(Bento lunch at PublicUs lately?)
Try as we might, it doesn’t look like we’ll get to 400 restaurants this year. As of this writing, we’ve hit 333 establishments, and even if we kick it into high gear, it’s doubtful we have 70 more meals in us in the next 50 days.
By way of comparison, back in my halcyon/salad days (ten years ago), 500/year was pretty much the norm…for 20 years in a row.
Now, The Food Gal and I will go two, three, sometimes even four days in a row without eating out. Once unthinkable, now, a concession to the down-sized Strip and our not-getting-any-younger selves.
But serious ground was still plowed in the past few months….with some new and not-so joints floating our boat in all the right ways.
Compared to a year ago, Las Vegas is now a target-rich environment, but lezbee honest here: it is still a pretty weird place, restaurant-wise.
The Strip has rebounded, but has become something of a shitshow on weekends. There has been a tectonic shift in the food and beverage industry here, but the ground is still moving beneath our feet and I cannot yet opine on just how the dust will settle. Suffice it to say, things are palpably different: options are down, prices are up, reservations challenging, and sourcing a real problem at the epicurean end of things. All of our big-hitter spots want to pretend they have gotten back to their 2019 selves, but they have not and you can feel it.
The newly re-opened Le Cirque, for example, seats only on Thurs.-Saturday nights. If you’re hungry for better restaurants Mon.-Weds., good luck picking your way through the meager offerings available on Las Vegas Boulevard. Things are easier in the ‘burbs, but aside from Italian, very few interesting ideas are floating out there.
And when you run off one of the best Mexican chefs in the world (Enrique Olvera) for a joint called “Casa Playa ” (at the Wynn), include me out.
So, the Strip is mostly a pain (or, even worse, boring), but local eateries are booming, so you would think that would satisfy us, wouldn’t you?
Both have a long way to go before Vegas claims its destiny — which is to be one of the most exciting restaurant cities (for tourists and locals) in the world.
A short list of what we still need (in the neighborhoods):
Some decent French bistros. It seems like every other opening is Italian these days. C’mon frogs! Show the flag! Vive La France and all that!
More affordable wine, less crappy “craft” beer.
A few new interesting Mexicans (to compete with a raft of mediocre places going through the motions for the mucho macho grande burrito crowd).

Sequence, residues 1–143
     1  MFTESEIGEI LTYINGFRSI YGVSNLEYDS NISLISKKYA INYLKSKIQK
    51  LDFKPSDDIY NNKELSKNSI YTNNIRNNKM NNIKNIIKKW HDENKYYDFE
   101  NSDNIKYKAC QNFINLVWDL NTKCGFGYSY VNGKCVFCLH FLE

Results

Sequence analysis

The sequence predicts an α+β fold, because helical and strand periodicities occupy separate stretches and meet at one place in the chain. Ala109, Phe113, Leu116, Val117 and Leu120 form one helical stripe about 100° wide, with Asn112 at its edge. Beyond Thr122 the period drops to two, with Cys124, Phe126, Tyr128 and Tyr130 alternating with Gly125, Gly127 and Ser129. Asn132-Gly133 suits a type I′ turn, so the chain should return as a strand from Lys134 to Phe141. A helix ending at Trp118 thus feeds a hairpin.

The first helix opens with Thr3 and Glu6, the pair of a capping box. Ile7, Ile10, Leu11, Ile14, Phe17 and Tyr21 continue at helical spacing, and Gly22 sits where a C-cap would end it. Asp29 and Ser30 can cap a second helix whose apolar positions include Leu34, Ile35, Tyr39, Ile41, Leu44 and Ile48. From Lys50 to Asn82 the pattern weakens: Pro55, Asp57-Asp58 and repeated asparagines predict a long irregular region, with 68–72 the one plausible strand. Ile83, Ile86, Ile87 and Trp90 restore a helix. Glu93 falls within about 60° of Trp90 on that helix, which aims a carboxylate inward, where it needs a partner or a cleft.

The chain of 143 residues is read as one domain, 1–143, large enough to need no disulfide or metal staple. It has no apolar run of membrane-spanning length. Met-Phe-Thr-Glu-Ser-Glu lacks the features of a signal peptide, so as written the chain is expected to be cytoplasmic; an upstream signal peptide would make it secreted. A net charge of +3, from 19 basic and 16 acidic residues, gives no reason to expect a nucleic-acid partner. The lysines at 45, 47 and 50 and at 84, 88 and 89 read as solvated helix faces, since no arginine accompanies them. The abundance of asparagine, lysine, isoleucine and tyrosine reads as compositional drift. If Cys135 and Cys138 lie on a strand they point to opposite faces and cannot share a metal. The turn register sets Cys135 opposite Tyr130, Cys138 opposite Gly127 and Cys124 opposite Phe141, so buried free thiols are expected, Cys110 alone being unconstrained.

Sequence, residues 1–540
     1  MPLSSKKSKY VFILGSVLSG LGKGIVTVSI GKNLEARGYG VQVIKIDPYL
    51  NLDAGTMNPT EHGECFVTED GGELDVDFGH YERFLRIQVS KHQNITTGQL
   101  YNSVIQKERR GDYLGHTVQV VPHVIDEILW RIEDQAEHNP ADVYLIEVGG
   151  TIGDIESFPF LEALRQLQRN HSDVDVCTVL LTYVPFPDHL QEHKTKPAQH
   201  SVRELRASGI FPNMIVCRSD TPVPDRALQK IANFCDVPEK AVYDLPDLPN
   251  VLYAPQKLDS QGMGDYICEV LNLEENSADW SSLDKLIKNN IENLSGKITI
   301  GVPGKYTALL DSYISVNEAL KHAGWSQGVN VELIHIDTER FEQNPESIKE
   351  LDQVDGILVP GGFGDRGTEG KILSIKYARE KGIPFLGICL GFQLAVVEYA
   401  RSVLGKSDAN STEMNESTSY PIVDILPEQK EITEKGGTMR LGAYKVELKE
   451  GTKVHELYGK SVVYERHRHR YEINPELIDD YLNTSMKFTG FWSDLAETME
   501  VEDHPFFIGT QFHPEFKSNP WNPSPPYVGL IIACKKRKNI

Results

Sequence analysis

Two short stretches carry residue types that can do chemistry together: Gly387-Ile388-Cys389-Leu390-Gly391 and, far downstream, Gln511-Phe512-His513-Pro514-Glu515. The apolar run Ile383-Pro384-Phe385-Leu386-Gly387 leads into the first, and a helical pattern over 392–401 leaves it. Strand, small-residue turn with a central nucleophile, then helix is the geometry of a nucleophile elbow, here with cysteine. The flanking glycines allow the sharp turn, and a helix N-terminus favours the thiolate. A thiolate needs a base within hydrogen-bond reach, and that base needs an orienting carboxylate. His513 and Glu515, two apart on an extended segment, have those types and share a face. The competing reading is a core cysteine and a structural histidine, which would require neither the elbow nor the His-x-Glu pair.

Who does a guy have to blow to get a decent sandwich shop around here?
Less shitty breakfast joints; more in-house baking.
For all the Insta love for John Arena and friends, there are still only about four places in Vegas to get a decent pizza.
Why isn’t there a ramen shop downtown?
How about a good, retail bread bakery somewhere fer chrissakes?
Or gelato? (There is an ice cream shop on Main Street, but it is terrible.)
It’s time for crepes and fondues to make a comeback.
Outside sidewalk dining….EVERYWHERE!
And finally, what the f*ck happened to good Indian food in this town?
(As usual, all restaurants come highly recommended unless otherwise noted.)
Italian food never goes out of style, but the boom in quality over the past few years has been a little crazy. No longer is Vegas the home to cookie-cutter eye-talian straight from a can. There are so many good ones popping up (and older ones upping their game), that we thought we do homage to Italy by painting THE LIST in the color of its flag.
Of all the beautiful Italian food now available in town, this may be the most compelling. Simple, striking dishes that let the elemental flavors of Italy shine through. Great breads, challenging location, reasonable prices. Too hip for the room, but southern Strip foodies, and industry pros (starved for decent, non-franchise food in this part of town) may save it.
We need to get back here. Best cioppino you’ll find this far from the Amalfi Coast.
Open every night and already a tough ticket. Set to become the worthy successor to Carnevino as our best Italian steakhouse.
Every Friday for a reason. Northern Italy served by the smoothest crew in town.